“It’s not what you say, it’s how you say it.”
People often tell me they get stick from colleagues for emails that are seen as too short, too direct or too brusque. I secretly cheer, but no, they want to know how to make them longer, softer, fluffier. This is a tricky one. However much you praise them for writing concisely and getting to the point, you can’t argue with the responses they’re getting, and you can’t just dismiss their concerns.
Meanwhile across the Channel, some non-native English speakers working for a British company in Europe delighted me by asking how to make their emails less polite, how to cut down on the “please could you kindly” and “I would be extremely grateful if you would be good enough to …” sort of thing. They don’t use such extravagant phrases in their own language, but they were dutifully emulating their British counterparts.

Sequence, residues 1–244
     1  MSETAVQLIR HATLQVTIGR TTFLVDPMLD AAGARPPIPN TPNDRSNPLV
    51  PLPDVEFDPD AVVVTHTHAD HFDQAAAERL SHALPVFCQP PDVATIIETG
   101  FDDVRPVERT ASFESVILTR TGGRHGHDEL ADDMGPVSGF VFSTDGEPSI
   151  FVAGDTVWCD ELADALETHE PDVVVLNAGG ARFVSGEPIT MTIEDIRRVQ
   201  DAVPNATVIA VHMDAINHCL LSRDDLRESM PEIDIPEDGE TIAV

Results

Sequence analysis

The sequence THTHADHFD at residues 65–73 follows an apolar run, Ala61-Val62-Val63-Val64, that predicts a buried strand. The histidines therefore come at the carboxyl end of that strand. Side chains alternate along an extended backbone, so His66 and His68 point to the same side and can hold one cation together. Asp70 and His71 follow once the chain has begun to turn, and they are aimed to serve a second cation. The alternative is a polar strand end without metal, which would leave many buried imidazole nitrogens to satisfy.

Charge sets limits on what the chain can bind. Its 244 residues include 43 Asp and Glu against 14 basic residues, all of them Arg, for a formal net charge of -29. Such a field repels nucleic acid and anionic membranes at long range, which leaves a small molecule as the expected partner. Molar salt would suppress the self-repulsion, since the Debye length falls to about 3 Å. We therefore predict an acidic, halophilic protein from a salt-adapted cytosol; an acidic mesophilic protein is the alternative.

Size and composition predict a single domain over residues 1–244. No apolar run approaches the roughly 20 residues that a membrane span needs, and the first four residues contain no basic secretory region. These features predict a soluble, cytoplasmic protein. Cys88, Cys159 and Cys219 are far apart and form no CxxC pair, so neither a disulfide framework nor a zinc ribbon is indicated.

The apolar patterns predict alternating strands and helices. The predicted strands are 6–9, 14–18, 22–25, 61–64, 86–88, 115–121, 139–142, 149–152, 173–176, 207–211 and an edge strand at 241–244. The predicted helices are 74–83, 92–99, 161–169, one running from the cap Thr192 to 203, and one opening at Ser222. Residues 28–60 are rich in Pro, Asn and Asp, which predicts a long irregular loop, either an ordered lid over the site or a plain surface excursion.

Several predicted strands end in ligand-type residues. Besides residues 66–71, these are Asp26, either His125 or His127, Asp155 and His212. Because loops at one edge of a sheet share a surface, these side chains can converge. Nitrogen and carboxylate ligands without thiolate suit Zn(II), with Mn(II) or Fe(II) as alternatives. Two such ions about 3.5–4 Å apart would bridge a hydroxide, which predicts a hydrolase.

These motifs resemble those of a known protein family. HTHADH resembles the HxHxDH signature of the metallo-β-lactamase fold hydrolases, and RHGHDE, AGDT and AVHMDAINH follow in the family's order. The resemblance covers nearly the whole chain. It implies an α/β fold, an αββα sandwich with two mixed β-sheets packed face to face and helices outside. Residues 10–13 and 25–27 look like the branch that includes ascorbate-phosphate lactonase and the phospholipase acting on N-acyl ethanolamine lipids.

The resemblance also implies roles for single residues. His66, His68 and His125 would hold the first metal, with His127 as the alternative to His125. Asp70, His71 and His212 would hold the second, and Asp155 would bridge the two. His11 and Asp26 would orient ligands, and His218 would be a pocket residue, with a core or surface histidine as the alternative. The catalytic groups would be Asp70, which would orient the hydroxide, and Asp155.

So how to arrive at a happy medium? How to be courteous without being unctuous? Here’s one approach: think about your reader and imagine you’re talking to them. Try to make a genuine personal connection, without frills or flounces, with a simple scene-setter and a warm sign-off. Sleep on the email. Show it to a friend. And finally, trust your own judgment and don’t lose your head while all around you are being fluffy.